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March 14, 2013

North Carolina Legislators Taking Away Workers' Rights

workers-rights.jpgYesterday, two state Senators filed a new legislative bill that is designed to take away some very important rights to the working citizens of North Carolina. The new bill adversely changes the existing worker's compensation laws. Worker's compensation is the body of law that sets out the rules that apply when someone is injured on the job.

Worker's compensation benefits only cover lost wages and medical bills. The injured worker is not compensated for pain and suffering, mental or emotional anguish and other damages. In other words, the worker's right to recover is quite limited under worker's compensation. When someone is hurt on the job, worker's compensation is usually the worker's only remedy under the law. You cannot sue your employer even if your employer recklessly caused you to get hurt.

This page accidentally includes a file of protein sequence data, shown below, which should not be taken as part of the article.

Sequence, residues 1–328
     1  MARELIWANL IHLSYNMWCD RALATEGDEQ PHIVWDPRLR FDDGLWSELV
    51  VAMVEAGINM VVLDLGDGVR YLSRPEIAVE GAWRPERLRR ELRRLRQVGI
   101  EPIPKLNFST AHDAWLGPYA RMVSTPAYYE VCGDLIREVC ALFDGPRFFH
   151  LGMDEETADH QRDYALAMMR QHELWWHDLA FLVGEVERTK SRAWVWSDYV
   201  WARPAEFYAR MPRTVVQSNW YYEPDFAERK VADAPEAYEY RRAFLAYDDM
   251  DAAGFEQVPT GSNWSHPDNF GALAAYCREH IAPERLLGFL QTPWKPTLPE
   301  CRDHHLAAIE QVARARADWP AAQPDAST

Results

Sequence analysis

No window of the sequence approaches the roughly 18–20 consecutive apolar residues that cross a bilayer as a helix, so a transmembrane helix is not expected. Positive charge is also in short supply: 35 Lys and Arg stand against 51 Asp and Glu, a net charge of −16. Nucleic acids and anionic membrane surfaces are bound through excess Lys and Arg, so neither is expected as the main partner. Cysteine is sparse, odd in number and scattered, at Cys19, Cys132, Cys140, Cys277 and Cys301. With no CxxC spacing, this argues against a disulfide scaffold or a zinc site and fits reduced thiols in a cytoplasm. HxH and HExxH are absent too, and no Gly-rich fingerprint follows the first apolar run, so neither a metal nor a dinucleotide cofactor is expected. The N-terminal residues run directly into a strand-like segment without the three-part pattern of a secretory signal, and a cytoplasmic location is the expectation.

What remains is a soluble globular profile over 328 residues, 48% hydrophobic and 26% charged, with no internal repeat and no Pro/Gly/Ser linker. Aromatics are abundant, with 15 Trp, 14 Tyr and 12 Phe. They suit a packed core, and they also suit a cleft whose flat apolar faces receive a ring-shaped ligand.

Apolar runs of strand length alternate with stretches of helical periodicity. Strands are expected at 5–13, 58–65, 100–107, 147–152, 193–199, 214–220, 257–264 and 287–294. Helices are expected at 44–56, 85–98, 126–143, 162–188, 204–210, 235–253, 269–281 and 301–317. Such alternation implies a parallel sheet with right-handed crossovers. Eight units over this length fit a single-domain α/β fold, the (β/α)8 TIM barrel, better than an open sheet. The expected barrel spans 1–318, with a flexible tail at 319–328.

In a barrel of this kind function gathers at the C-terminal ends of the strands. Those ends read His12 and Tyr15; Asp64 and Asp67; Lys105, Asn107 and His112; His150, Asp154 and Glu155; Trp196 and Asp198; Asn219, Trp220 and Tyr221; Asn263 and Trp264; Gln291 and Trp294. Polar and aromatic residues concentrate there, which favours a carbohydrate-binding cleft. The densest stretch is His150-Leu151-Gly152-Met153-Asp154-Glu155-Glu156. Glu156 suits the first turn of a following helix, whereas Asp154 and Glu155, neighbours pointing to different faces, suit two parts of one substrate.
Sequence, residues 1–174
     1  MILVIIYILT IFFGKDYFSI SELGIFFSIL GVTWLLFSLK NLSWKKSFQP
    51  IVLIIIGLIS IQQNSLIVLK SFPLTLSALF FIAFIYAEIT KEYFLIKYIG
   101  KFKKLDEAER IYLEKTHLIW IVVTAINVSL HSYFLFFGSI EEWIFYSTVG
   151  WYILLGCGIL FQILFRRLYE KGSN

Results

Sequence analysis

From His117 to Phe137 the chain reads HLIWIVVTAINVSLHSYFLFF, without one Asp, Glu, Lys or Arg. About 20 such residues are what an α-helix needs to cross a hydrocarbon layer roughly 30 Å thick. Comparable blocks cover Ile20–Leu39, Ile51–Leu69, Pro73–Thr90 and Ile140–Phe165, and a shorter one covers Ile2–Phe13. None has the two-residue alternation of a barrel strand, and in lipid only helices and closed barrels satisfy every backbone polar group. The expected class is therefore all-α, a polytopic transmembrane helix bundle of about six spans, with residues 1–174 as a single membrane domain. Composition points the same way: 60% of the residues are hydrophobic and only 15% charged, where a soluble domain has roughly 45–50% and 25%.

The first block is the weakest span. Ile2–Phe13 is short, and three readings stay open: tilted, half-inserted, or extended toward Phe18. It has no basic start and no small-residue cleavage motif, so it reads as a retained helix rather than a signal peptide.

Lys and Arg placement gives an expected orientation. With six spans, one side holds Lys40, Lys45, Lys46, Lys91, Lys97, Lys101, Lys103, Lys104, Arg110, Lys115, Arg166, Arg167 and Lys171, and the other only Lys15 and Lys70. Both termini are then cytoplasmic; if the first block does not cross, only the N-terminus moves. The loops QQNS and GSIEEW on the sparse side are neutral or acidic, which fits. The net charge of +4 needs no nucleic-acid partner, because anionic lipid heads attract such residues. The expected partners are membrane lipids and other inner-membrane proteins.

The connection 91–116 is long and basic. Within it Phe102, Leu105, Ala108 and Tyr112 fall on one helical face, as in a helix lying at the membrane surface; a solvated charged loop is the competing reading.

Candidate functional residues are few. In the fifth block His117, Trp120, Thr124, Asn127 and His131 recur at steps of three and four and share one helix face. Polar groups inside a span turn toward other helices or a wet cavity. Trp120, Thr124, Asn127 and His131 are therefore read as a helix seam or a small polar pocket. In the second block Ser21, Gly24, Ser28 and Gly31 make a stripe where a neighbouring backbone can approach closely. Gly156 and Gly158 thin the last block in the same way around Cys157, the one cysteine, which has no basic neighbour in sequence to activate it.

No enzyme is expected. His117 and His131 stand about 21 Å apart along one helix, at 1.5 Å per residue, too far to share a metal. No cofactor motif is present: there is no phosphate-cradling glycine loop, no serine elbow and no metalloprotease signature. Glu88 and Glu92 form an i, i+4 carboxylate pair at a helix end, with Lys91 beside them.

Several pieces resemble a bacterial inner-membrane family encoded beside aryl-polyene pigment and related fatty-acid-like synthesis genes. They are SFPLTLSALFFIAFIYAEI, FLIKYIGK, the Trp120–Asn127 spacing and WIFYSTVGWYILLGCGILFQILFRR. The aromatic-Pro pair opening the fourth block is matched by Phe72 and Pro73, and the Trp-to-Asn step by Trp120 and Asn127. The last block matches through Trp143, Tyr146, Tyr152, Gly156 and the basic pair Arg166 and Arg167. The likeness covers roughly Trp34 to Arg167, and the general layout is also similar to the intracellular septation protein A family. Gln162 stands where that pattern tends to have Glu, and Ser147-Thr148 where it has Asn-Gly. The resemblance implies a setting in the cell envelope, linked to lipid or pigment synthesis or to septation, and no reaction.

In some instances, when someone is injured on the job, there is a third person or entity that actually caused the on-the-job injury. For example, if a construction worker is hauling a load of lumber from a lumber company to a job site, and some third person runs a red light, crashes into him, and injures him, then the worker would receive worker's compensation benefits because he was injured on-the-job, but the third person (the at-fault driver) would also be liable to the injured worker.

In situations where the injury was caused by a third person, the employer's worker's compensation insurance company would have a "lien" (right to be paid back) against the worker's recovery from the third person's insurance company. The current law says that the employer's worker's compensation insurance company has a right to be paid back all (100%) of its lien, but that a Superior Court Judge can reduce that lien to an amount that the judge feels is fair so that justice is served to everyone involved.